Debating Private Tuition

As a child, I can remember vividly my Mother’s ‘private tuition set-up’. A maths teacher at the local high school, she supplemented her income for many years by giving private tuition in the evenings. Most weeknights, students (sometimes three or four in an evening) would make their way down the hallway, through our dining room, and into our very long kitchen – one half of which provided the work station for the lessons.

At 14, I became part of the ‘special maths club’ (much to my chagrin – I hated maths), and would have a maths lesson once a week, with my Mum, under extreme duress. Generally I would have to be bribed with the promise of a bar of chocolate to cooperate. Fortunately, I passed my GCSE maths with an acceptable grade (Mum’s relief was palpable). Many years later, I would continue the family tradition and deliver private tuition myself (although not in maths!).

Private tuition has its fair share of supporters and critics, although there is certainly no argument that it is a booming industry in the wake of Covid-19. Some tutors have seen their bookings doubled, and there are many new private tutors in an industry that was already 250,000 strong.

Online tuition, in particular, has unsurprisingly rocketed. Indeed, Noisy Classroom has seen a growth in demand for its online offer. As well as our work with schools, we provide online private tuition (for individuals and small groups) in debating, speaking and listening, presentation skills and more. But do the pros outweigh the cons, and can online tuition have  additional benefits beyond the immediate objective? I decided to take a look for myself.

One of the most commonly cited drawbacks in relation to private tuition is the cost. The average hourly rate for private tuition is somewhere between £30-£60 in 2020. At the lower end that would equate to more than £1,000 a year (on the basis of a lesson a week during term time). This can vary wildly, but the more experienced the tutor, the more they can command. Not all families will be able to afford this. Conversely, it could be argued that £1,000 a year is a great investment in your child’s future, and in most cases there isn’t a large upfront cost. Some tutors may even offer ‘free taster sessions’ so you can decide if it’s really what you want.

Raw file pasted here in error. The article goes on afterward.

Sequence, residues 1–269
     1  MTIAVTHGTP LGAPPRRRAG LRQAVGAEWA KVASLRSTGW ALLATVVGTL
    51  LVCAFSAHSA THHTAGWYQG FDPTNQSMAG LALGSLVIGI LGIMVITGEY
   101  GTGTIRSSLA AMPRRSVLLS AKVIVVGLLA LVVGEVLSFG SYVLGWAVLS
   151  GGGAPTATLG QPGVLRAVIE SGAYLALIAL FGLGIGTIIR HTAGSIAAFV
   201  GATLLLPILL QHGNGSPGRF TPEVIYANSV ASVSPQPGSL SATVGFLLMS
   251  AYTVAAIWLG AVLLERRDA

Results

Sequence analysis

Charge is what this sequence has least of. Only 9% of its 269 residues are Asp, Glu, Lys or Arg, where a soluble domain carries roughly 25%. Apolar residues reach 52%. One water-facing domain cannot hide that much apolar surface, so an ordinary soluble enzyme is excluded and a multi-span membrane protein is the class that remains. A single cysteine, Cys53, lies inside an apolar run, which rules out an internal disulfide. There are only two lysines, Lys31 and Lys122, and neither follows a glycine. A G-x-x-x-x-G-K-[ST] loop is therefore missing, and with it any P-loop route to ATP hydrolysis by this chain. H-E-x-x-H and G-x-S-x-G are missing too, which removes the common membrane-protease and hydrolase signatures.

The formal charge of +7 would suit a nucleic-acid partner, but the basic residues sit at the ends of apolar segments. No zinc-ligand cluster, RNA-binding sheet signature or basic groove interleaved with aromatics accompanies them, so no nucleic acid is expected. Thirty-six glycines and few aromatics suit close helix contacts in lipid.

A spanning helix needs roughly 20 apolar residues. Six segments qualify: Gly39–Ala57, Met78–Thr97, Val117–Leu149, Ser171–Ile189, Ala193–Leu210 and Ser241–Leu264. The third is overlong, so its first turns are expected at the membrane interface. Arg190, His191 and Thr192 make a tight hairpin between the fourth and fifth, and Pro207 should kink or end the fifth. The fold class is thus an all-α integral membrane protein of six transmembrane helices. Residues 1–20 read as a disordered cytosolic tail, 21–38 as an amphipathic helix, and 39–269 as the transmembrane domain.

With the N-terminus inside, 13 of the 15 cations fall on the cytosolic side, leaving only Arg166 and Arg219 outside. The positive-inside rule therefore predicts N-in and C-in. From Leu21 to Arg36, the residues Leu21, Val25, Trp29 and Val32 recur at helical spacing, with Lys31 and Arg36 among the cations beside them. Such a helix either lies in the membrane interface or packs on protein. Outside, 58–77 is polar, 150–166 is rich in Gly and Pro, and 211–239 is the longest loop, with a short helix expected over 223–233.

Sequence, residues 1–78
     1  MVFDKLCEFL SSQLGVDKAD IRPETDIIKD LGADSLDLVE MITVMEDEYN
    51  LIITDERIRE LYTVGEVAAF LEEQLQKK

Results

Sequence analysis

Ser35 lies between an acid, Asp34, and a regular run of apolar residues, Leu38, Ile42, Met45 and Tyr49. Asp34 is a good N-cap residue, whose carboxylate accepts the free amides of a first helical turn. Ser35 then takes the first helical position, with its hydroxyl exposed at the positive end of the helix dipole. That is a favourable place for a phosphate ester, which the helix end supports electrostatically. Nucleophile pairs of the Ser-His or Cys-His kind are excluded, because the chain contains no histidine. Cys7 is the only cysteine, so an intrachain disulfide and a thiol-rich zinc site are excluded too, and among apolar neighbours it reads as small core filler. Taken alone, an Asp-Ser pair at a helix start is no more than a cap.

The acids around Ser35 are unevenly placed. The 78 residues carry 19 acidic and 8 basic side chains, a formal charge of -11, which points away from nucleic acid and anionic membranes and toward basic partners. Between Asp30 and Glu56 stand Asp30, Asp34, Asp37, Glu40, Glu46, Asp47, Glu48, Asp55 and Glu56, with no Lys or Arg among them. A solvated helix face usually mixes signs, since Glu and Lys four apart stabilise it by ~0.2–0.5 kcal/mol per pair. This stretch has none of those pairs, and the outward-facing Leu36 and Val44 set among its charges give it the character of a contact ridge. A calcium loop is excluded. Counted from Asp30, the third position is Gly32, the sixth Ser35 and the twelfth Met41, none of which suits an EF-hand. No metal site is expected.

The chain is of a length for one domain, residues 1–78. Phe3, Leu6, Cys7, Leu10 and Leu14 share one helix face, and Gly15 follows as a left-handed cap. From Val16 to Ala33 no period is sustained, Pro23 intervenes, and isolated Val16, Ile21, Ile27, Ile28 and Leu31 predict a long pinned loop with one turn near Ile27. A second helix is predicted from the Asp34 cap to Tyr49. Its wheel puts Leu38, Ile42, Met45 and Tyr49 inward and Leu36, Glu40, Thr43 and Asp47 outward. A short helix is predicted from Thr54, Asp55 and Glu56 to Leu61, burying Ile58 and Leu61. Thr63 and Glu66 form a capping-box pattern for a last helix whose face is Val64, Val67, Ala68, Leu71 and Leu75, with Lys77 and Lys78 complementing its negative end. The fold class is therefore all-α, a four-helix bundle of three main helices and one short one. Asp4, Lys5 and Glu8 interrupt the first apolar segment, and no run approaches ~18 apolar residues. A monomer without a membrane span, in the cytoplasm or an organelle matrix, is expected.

Another reservation that parents sometimes have is ‘what if my child doesn’t like the tutor’? The last thing that you want as a parent is for your child to develop a deep dislike for the subject based on a clash of personalities with a tutor. We’d advise that you shop around to find a tutor who is a good fit for both you and your child. Have a chat with them and get a feeling for their style. Just as a clash of personalities can instil a deep dislike of a subject, research shows that a supportive tutor who is on the same wavelength can result in improved performance for the student.

There is extensive, high-quality evidence demonstrating the potential of one-to-one and small-group tuition as a cost-effective way to support pupils who are falling behind in their learning. The Teaching and Learning Toolkit suggests it can boost progress by up to +5 months. Randomised controlled trials funded by the EEF have also found positive effects for a range of tuition models. Private tuition helps counter the fact that children learn at different rates and with different styles. Skilled specialist tutors can assess an individual’s needs and set the pace and style necessary to achieve results.

I thought about the different tuition I’ve personally experienced and delivered over the years. I asked myself what broad benefit it all had in common. And, whether it was maths classes I took along with my Mother’s numerous other pupils, the art classes my daughter took, or the speech and drama tuition I delivered myself, the common factor that I could see was that in every single instance the pupil developed confidence. Without exception, and no matter the subject, confidence grew exponentially.

At Noisy Classroom, of course, we’re literally in the business of delivering training that will develop confidence. However, every good teacher or private tutor, no matter what their subject, holds this promise of increased confidence and self-esteem in their hands. The gift given by teachers and tutors to their students – aside from the gift of subject knowledge itself – is one that reinforces self-belief, and that, in my opinion, is worth every penny.



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